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Old 23rd December 2003, 10:03 PM   #1
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Join Date: Aug 2001
Location: Bath, UK
Default Problem controlling a PGA2310

Hi everyone,
Some background.... I've built a 5.1 channel surround amplifier for my PC using three Burr-Brown PGA2310 digitally controlled pots to adjust the volume.. The SPI control signals are produced using a Xilinx CPLD in response to inputs from my up/down volume switches.

It kinda works but one of the PGA2310s almost always produces a nasty DC offset on it's outputs whenever the gain value changes from 128 to 127!! It's always the same device (which controls the center and LFE channels) and the problem goes away as soon as I flick the up switch to return the gain value to 128. The other two PGA2310s have never showed this problem.

The signal timing is shown below. That's a 5ms/div timebase - could the timing be too slow?!

Any thoughts? Could it be a faulty device?

EDIT: I forgot to mention that all three PGAs have their SPI signals paralleled, not daisy chained.

Nice one,
David.
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Old 23rd December 2003, 10:06 PM   #2
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And here's a pic of the amp!
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Old 24th December 2003, 02:37 AM   #3
Mika is offline Mika  Finland
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Hi,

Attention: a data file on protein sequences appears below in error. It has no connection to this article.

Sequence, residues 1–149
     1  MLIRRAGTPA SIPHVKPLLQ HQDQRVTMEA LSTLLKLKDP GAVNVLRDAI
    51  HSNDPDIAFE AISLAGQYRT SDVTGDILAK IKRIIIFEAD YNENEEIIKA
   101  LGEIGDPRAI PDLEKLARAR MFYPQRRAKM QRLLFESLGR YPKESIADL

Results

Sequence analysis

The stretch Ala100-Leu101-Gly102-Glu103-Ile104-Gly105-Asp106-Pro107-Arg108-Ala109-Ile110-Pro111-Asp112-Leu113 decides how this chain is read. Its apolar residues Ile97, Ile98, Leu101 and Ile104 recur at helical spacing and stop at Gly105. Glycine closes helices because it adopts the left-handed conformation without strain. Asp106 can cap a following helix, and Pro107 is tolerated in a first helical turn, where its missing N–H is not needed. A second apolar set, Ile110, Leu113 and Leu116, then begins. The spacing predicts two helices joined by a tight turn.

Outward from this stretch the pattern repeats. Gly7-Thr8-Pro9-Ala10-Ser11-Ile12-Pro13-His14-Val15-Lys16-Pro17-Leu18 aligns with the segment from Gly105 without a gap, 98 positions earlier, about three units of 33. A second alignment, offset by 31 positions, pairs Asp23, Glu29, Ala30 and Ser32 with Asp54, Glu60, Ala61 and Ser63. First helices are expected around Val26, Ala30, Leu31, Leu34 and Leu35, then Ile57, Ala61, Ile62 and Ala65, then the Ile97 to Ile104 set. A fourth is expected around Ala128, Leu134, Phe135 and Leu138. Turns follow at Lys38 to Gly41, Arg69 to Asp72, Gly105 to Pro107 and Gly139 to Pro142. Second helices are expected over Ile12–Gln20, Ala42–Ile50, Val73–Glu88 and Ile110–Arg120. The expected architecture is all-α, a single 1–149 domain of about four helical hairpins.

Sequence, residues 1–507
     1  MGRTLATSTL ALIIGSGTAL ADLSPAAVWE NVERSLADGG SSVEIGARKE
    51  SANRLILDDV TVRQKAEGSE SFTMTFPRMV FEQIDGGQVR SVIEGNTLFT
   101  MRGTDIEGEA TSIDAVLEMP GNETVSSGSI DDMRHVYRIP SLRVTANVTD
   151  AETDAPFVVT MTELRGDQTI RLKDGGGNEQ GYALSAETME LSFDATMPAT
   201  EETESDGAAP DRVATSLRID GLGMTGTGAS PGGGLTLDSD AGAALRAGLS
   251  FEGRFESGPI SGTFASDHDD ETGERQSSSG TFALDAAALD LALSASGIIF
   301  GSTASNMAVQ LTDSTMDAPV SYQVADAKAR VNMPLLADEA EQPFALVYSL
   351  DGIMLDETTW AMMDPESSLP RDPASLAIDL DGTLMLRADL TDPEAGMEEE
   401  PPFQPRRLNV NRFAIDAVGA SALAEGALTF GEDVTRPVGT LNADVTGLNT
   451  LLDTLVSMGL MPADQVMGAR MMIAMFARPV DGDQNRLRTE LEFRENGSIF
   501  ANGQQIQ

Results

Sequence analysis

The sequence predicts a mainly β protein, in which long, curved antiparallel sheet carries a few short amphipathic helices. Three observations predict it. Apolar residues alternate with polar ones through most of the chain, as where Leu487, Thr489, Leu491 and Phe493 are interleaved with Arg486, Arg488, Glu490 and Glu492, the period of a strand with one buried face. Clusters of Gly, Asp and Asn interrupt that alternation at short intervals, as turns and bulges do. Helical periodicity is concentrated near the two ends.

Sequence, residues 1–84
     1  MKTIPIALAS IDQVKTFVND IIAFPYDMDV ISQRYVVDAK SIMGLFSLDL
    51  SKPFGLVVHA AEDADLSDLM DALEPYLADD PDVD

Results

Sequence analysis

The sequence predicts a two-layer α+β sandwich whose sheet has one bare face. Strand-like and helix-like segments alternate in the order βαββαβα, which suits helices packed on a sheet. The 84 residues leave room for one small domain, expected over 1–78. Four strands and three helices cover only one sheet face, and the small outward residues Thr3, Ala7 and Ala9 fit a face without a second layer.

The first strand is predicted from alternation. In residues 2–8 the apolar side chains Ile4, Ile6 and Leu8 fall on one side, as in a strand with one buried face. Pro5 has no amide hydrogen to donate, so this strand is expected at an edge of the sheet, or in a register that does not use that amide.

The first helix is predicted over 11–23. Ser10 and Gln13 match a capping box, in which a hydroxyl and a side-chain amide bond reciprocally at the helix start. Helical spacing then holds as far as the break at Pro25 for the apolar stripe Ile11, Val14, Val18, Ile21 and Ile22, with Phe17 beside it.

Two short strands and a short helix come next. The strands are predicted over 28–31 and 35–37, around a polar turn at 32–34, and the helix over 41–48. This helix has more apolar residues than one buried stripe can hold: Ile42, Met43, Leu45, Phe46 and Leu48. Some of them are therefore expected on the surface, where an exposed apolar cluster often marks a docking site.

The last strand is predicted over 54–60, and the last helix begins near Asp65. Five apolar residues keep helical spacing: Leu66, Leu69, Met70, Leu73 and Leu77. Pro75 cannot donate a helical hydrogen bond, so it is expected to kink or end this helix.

Im working with 5.1 setup also, but with CS3310 and PIC16F877A. I cannot see any problem in that picture, there is enough time between CS --> 0 to first clock pulse and so on. Can you get picture when code is 127? If that seems to be right, controlling is maybe ok. If i remember right, at reset CS3310 output is 1/2 Vcc, so maybe chip is resetting if there is DC at output??

If i look datasheet right, low speeds wont be any problem, lowest clock speed is 0Hz.

- Mika

EDIT: I just remember that ZCEN-function. There is some kind of 18ms timeout circuit if ZCEN is enabled, maybe u should try to disable zero crossing function because controlling is quite slow?? This is just quessing....
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Old 24th December 2003, 02:54 AM   #4
Mika is offline Mika  Finland
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By the way, very nice looking amp. There is poweramps also at saem board? 5 x LM1875?? do u have any display in your system?

My setup is something like this: